Like almost all our tours, this is a small group trip. The vehicle used generally has between nine and 14 seats. Our guides are skilled in the geology, customs, traditions, history and people of the areas through which you travel – feel free to ask all and any questions!
Pick ups for this small group tour take place at many tourist area hotels in Phoenix, Tempe, West Mesa and Scottsdale. These can be seen at the bottom of this page.
Heading north out of Phoenix, the first stop is the red rock country of Sedona. You will drive through the entire length of Sedona, including Oak Creek Canyon - one of the region's most scenic drives - and uptown Sedona. There will be stops along the way. The route passes through the small northern Arizona town of Flagstaff before getting to the Grand Canyon.
On the way in you will stop at Mather Point, the first view point of the Grand Canyon, where you can get out, stroll around, enjoy the never ending vistas and take some pictures. You will then be taken to Bright Angel Lodge, which is where some of the view points of the Grand Canyon are, as well as shops, hotels and restaurants.
Most tours take the route from Phoenix that we have described, but a few omit Sedona and come into the Grand Canyon through the small settlement of Cameron, and into the east entrance of the Grand Canyon.
You will be brought to the Grand Canyon by one of our tour partners, and at Bright Angel Lodge you will transfer from their vehicle to one of ours. This is a seamless process which we take care of for you.
At the Grand Canyon we will take you to several of the main viewpoints, including Mather Point and Bright Angel. Your skilled guide will give you an overview of the layout of the South Rim, and then leave you on your own to explore for a while. You can stroll around the Canyon, take pictures, admire the views, buy souvenirs, or get something to eat.
You can now extend your stay at the Grand Canyon. Instead of leaving the Canyon now and continuing your tour, you can spend as many extra nights there as you like. When you order the tour, you will see an option to add extra time at the Grand Canyon. Simply add as many additional nights as you want to stay there. Note that we will charge your card for the extra night(s) at the time we make the Grand Canyon hotel booking for you.
The way it works is that you will be taken out to the Grand Canyon, be shown some of the sights, and you will then check into your hotel. We always try and reserve a room at Bright Angel Lodge, which is at the rim. Depending on how late you book, this is often not possible, and we may book you at either Maswik Lodge, which is about a quarter mile (0.4 km) from the rim, or Yavapai Lodge, which is less than half a mile (0.75 km) from the rim, on the free shuttle route.
You will be at liberty to explore the Canyon on your own for the extra time that you choose. Please note that there will not be a tour guide with you for the extra night. The extended Grand Canyon stay is subject to lodging availability in the park. We will check this once the order has been placed.
Please also be aware that if the helicopter tour option is available on your tour, and you order it and extend, on some days you will need to take a taxi from the Grand Canyon to the Grand Canyon airport. We can help you arrange it, and we will pick you up after your helicopter tour, and take you back into the park.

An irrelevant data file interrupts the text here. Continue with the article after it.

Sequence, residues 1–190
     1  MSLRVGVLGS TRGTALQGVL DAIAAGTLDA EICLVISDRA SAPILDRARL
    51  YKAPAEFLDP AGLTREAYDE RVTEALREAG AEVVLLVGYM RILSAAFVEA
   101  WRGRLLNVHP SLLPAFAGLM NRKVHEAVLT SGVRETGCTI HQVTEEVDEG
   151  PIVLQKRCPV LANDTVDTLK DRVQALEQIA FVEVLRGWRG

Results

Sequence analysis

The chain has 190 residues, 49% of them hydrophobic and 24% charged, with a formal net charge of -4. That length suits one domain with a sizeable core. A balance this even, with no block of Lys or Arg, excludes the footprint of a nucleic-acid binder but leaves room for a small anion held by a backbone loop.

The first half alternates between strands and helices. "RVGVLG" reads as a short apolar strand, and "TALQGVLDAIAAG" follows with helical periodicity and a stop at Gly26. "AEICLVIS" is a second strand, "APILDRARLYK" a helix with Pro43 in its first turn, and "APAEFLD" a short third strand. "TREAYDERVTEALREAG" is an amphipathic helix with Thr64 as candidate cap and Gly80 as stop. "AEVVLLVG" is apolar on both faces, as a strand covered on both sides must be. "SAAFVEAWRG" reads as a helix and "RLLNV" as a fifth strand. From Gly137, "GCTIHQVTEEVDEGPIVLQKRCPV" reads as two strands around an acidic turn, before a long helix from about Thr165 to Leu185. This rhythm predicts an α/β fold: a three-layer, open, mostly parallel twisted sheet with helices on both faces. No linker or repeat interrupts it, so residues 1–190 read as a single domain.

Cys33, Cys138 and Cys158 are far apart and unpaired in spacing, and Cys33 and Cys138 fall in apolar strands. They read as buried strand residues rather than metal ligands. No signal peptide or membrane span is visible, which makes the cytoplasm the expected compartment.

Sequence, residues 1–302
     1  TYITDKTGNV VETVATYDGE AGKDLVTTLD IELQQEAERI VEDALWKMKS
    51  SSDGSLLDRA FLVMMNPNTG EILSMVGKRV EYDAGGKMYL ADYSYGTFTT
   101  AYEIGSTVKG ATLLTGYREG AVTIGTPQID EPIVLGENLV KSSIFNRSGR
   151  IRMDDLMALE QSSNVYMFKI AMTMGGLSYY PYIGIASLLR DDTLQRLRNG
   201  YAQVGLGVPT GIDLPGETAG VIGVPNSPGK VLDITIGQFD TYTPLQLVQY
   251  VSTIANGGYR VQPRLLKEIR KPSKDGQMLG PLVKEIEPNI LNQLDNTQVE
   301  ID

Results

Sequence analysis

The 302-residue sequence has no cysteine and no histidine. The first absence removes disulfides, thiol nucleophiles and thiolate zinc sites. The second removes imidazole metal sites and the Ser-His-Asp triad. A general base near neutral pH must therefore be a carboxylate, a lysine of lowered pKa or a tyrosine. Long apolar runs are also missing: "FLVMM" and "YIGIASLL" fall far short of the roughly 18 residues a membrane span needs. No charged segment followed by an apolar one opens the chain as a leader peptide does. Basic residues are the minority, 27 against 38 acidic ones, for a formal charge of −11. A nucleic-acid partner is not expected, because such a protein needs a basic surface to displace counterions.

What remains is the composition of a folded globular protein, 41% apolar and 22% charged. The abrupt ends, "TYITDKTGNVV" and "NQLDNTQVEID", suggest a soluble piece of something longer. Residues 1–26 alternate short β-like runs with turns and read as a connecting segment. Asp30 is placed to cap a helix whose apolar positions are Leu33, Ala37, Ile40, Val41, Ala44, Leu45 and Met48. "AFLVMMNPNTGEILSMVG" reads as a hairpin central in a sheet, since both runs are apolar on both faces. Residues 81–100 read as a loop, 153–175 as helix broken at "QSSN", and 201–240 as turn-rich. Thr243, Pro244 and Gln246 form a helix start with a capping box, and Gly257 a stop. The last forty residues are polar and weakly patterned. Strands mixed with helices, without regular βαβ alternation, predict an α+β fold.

The rest of the group will continue on their way through the Canyon to Page. If you extend, you will be picked up by one of our guides after your extended stay. The tour carries on as detailed below for those who are not spending a night or two at the Grand Canyon.
Grand View Point And The East Side Of The South Rim
The route we take out of the Grand Canyon travels along the less visited east part of the South Rim. There are several photo opportunities along the road. On the way we will stop at the Desert View Watchtower, a unique building designed by the legendary architect, Mary Colter, using rocks brought up from the bottom of the Canyon. The inside of the tower is full of artwork by Hopi (Indian) artists.
Desert View Watchtower
We will start dropping down from the South Rim, to the desert that is Navajo Nation land below. On the way we pass the Cameron Trading Post, one of the best purveyors of southwestern souvenirs and native American art and jewelry. If there is time we will stop here briefly.
Climbing up to a plateau once again, we start to approach Page, on the shores of Lake Powell. In the summer months, after checking in at your hotel we invite you to join our guide for a hike to Horseshoe Bend. When there is less daylight we may do Horseshoe Bend some other time.
Horseshoe Bend is one of the west's best kept secrets. The hike there is about 20 minutes each way, up and down a hill, and at times the ground below is made up of loose sand. The views of the Colorado River far below, seen through the precipitous canyon walls, are spectacular.
Horseshoe Bend: Optional hike
You are on your own for dinner. Remember that tomorrow morning there is a free breakfast included in the tour price.
You will be touring Antelope Canyon, in a specially converted off road vehicle, led by a Navajo guide.
Antelope Canyon is one of the most striking slot canyons known to man. A slot canyon is a narrow canyon sliced through a mesa by the forces of nature. Some canyons measure less than a yard across at the top, but drop a hundred feet or more from the rim to the bottom. Slots are cut and scoured by water and wind, with the striations of the sandstone becoming almost incandescent.